Causes and Diagnosis of Knee Pain When Bending

Causes and Diagnosis of Knee Pain When Bending
6 min read

Knee pain when bending can occur in people of all ages. In order to explain why such a widespread problem occurs, it is essential to understand that the knee can receive forces up to seven times the weight of the body during bending. If you bend your knee, you may experience sudden or gradual knee pain depending on the underlying cause. The knee can be painful when bending for a number of reasons, but the majority of them are caused by structural problems within or around the knee, which affect its function. Due to this, the forces traveling through the knee may change, which may result in excessive pressure being applied to certain parts, resulting in knee pain when bending. It is always advisable to consult a doctor in case of facing any type of pain in the knees. 

Causes of Knee Pain When Bending

According to pain physicians in Dallas, following are possible causes of knee pain when bending. 

1-  Iliotibial Band Syndrome

Irritation and swelling of a thick fiber layer present on the outside of lower limb bones, including the thigh and knee. It may arise due to overuse of muscles and mostly shows effects in runners. Symptoms of ITBS tend to manifest as knee pain when bent. There is also a popping/grinding feeling as you bend your knee.

2-  Nerve Injury

Nerves play an essential role in providing information to the muscles, fibers, and ligaments present in the knee. If the nerves do not function properly, the knee can not work appropriately. Nerve damage can be localized damage like peroneal nerve injuries. Nerve deterioration can also result due to issues in the lower back, including disc herniation, spinal stenosis, disc protrusion, along lumbar disc slippage.  

3-  Prepatellar Bursitis 

The prepatellar bursa is defined as a thin, fluid sac covering the kneecap. Bursae inflammation may arise due to a prolonged Kneeling period. This irritated condition is called patellar bursitis, often known as housemaid’s knee. Most commonly,  Prepatellar bursitis is found in individuals working as carpet layers, gardeners, plumbers, and other professional experts who practice prolonged kneeling. The higher risk of bursitis may include infection. Other symptoms of prepatellar or knee bursitis may include the following:

  • Pain when bending or straightening the leg
  • Inflammation or skin change in the knee area
  • Reduced or limited range of motion

4-  Bursitis

A bursa consists of a fluid-filled pocket that helps the tendons, fibers, and muscles to make gliding movements on bony areas. There are several bursae present in the knee that confirm pain-free motion. When inflammation in these fluid-filled sacs is observed, it is called bursitis. This condition may cause significant pain and does not allow bending and knee straightening.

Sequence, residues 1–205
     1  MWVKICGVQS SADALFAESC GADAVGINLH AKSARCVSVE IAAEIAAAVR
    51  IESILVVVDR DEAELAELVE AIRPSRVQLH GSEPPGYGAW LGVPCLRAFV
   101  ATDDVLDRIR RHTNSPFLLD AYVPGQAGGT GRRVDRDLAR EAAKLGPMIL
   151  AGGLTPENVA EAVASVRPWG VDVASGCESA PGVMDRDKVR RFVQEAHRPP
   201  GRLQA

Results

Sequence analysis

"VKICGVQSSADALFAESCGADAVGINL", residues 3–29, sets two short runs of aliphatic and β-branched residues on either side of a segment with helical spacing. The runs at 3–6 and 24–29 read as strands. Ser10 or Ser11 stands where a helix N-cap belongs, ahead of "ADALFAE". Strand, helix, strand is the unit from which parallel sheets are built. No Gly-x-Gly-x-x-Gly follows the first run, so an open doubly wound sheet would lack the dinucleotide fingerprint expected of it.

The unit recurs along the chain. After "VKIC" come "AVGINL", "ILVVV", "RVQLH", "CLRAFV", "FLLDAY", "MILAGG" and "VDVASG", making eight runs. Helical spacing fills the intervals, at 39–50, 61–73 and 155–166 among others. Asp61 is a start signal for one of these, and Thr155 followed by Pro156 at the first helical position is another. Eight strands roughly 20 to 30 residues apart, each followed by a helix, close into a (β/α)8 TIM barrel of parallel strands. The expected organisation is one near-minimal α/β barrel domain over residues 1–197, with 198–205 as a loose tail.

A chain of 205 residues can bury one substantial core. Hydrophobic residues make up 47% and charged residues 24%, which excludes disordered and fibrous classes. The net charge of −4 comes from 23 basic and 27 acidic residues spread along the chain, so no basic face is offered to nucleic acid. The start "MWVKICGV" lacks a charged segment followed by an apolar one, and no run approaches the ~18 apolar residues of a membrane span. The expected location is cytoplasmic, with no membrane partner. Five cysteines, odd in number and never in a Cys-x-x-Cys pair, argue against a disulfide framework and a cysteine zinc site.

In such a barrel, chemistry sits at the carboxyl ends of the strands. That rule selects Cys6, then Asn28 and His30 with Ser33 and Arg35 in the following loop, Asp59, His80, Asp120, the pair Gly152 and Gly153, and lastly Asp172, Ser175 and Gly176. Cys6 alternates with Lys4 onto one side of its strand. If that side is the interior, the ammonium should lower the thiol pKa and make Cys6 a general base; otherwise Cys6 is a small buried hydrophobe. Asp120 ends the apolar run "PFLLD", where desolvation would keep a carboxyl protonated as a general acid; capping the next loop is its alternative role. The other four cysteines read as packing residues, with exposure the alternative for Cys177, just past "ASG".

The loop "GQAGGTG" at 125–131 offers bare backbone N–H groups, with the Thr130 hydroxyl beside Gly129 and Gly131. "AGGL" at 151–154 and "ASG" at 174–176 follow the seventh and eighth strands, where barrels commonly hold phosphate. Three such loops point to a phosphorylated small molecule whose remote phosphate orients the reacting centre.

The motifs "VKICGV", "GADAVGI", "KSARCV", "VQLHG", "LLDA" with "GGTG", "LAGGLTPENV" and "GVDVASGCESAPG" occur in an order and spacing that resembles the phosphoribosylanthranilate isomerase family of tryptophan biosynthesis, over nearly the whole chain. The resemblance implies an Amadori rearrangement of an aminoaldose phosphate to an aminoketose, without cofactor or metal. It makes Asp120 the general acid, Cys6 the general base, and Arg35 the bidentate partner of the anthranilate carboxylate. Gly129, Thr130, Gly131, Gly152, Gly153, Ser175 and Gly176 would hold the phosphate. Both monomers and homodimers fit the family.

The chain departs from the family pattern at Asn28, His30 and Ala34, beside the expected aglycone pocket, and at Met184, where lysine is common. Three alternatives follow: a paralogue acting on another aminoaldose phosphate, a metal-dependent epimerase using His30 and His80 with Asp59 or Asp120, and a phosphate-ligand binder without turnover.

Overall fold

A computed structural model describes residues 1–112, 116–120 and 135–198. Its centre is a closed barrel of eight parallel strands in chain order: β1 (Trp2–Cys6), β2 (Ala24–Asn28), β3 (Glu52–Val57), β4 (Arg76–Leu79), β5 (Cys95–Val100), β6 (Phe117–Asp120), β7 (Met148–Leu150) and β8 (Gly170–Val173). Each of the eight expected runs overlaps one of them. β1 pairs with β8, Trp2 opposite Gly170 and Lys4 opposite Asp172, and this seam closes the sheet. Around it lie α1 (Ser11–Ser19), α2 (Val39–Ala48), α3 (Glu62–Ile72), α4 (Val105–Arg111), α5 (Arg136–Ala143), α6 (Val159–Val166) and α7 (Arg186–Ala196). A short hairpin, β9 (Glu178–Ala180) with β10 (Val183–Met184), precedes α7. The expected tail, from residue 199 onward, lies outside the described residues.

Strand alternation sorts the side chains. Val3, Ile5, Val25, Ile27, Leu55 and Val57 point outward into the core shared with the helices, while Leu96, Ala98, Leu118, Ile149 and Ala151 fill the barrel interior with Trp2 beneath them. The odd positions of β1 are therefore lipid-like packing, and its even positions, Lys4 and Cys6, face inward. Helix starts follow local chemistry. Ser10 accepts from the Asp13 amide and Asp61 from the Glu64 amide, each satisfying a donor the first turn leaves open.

Diagnosing Knee Pain 

At pain management in Dallas, diagnosing knee pain involves a combination of physical exams, blood tests, and imaging studies. Your healthcare expert may ask for the following considerations to evaluate your knee pain.

  • Physical Exam 

A physical examination can facilitate your healthcare experts to identify precisely where and what is causing you hurt. The expert provider may touch your knee to diagnose swelling, infection, or potential injuries. They may also enquire about movements, including walking, sitting down, stretching, or moving your knee downwards that help in observing your range of motion.

  • Lab Tests 

After a physical examination, your healthcare provider recommends that you undergo blood work. Laboratory tests can identify the difference between osteoarthritis and RA (autoimmune diseases). Blood tests also eliminate chances of infections, Lyme disease, cancer, or other disorders that can generate knee pain.

  • Imaging 

The imaging tests, including X-ray or magnetic resonance imaging (MRI), can facilitate your healthcare provider to identify the condition of your bones and joints. Images are usually helpful in diagnosing bone fractures, soft tissues, structural disorders, arthritis, and other structural problems present in the knee.  

How to Prevent Knee Pain?

Preventing knee pain helps to take proactive measures that protect the knee joint along with other surrounding structures. Here are some steps that help to protect knee pain while bending them:

Exercise: Practice low-impact activities that help in strengthening the muscles surrounding the knee without exerting extra and excessive pressure on the joint. 

Stretching: Stretching is highly effective even on break days. It will increase flexibility. Soft stretching and light movements can help decrease the risk of injury.

Proper footwear: Select footwear that gives good support and soft cushion to feet and knees, especially during the performance of high-impact exercises.

Maintain weight: Maintain a healthy body weight to eliminate stress over knee joints.

Physical Therapy: Ask for professional guidance in chronic knee pain to practice exercises that address the root sources of knee pain.

These preventive steps can decrease the risk of knee pain and improve knee health. Moreover, seeking medical help for appropriate knee pain treatment is necessary if you are diagnosed with a medical history of knee pain.


Many other reasons along with a torn ligament may cause knee pain when bending, while arthritis may also cause knee pain. An effective treatment for knee pain begins with a thorough understanding of the symptoms and causes. The implementation of a proper treatment plan, preventative measures, and lifestyle adjustments is essential for reducing knee pain, improving knee joint mobility, and preventing future knee injuries. In the event that you experience knee pain when bending, consult your healthcare provider for a customized treatment plan.

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